Does SNLT create value or not? If so, how does it explain why a piece of paper is freely exchanged for, say, plasma screen TV's (the latter clearly requires a higher degree of labor relative to the former)?  Marx could somewhat explain the objective exchange value of commodity money, but I fail to see how an objective theory of value can explain the purchasing power of fiat money.

"Does Marx have a theory of business cycles at all (as opposed to his theory of crises, which is supposed to end capitalism altogether)?"

His crises theory is NOT supposed to end Capitalism all together. That is his bsuiness cycle theory.

Marx's theory of crisis explains why the capitalist mode of production, which is, according to him, internally contradictory (forces of production v. relations of production), must come to an end. Capitalist's accumulate and reduce the organic composition of capital through competition (they are forced to do so) in order to maintain surplus value, but, at the same time, this process necessarily diminishes the very source of surplus value that they require. This leads to a continuous and steady fall in the rate of profit and mass unemployment (labor reserve armies), until the capitalist system destroys itself. Business cycles, by definition, refer to a repeating process.

It does not, Marx merely worked with the Classical Political Economic system which assumed these things.

Yes, Marx and the Classical's employed a theoretical construct known as the evenly rotating economy, and/or an economy of simple reproduction. But I fail to see how this helps your argument. Marx's version of the LTV is just as untenable as the Ricardo's version, and Smith's cost-of-production theory of value. This doesn't help your argument.

Why would a Capitalist eliminate his own profit?

Ask Marx. This stands at the very center of Marxian political economy; it's his major argument (that capital accumulation and competition are self-defeating). The point, though, is that Marx's theory of surplus value requires certain assumptions, such as perfect competition/information, and yet, at the same time, such an assumption eliminates any possibility of surplus value through exploitation.

"Can you explain why the objective exchange value of wine continuously appreciates over time (without the addition of socially necessary labor time)?"

SNLT is in fact added, via the enforcement of property rights by the State.

This is not a serious answer and you're not a serious person. In fact, your responses demonstrate a significant degree of ignorance regarding Marxian political economy. You're one of those pseudo-Marxists that blindly regurgitates all of his sociological and philosophical arguments while entirely ignoring his economic framework. Unfortunately, the two are intrinsically connected. One cannot stand without the other. I could sit here and entirely refute Historical materialism and class conflict, but there's no need to waste my time with a troll like you, that doesn't even understand his own position.

By the way, you didn't even attempt to answer a few of my questions (how is the value of labor determined?).

"If we wish to preserve a free society, it is essential that we recognize that the desirability of a particular object is not sufficient justification for the use of coercion."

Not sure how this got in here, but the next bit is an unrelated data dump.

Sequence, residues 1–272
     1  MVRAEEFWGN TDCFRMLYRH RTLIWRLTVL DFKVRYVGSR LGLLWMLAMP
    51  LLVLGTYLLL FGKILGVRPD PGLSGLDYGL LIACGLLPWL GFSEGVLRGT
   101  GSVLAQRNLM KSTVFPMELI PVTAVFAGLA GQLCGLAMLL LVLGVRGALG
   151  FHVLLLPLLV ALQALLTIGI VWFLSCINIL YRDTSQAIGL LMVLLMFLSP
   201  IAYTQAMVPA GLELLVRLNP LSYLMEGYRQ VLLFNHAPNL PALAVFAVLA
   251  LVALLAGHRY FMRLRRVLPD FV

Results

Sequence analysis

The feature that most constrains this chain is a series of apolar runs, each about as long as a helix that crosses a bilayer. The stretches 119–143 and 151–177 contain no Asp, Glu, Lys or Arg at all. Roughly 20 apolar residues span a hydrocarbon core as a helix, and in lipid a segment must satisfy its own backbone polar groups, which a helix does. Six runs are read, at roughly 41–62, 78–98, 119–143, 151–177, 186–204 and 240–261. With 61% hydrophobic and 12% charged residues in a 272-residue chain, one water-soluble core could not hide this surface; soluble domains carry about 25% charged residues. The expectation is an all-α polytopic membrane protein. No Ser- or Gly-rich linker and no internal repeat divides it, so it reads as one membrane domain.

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filc replied on Fri, Dec 10 2010 10:03 PM | Locked

Esric:
a theoretical construct known as the evenly rotating economy

Esuric:
The point, though, is that Marx's theory of surplus value requires certain assumptions, such as perfect competition/information, and yet, at the same time, such an assumption eliminates any possibility of surplus value.

win.

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FunkedUp replied on Fri, Dec 10 2010 10:07 PM | Locked

Esuric...

The transformation problem doesn't exist!

SecurityCulture...

You should take up a single debater in a new thread. Either that or one person should be posting from now on. It's just getting too messy and the intricate aspects of scholarly discussion are being ignored.

debate.org does provide a nice platform...

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Jesse replied on Fri, Dec 10 2010 10:43 PM | Locked

I'd bet money that SecurityCulture is done here. Oh well.

I Samuel 8

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Bert replied on Fri, Dec 10 2010 10:52 PM | Locked

SecurityCulture:

First of all, price doesn't exactly reflect value in individual commodities.

Second of all, a bar has more labour behind it than does just a six-pack. To get that PBR at a bar you're paying for more than just the PBR.

Price doesn't reflect value in individual commodities?  What's an individual commodity compared to a collective or non-individual commodity?

A bar has more labor?  Bars will buy their products at a cheaper value than an individual at a grocery store, because they are buying it directly from the producer, so essentially they will raise the price just like a grocery store, but they raise the price way beyond the production that was put into making each beer itself, also, the amount of labor in handing someone a beer (since that's essentially what they do, hand you a beer which takes less than 15 seconds) is minimal.  A clerk and stock person at a grocery store both do labor like a bartender (the handling and sale of the products), so why would the kind of labor at the bar have a different value?  Even if we disregard the price difference compared to a grocery store, how do you explain the price differences for different days of the week?  Some bars will have $1 or so specials on certain nights to attract more customers, why does the value change on a specific day if it's the same beer?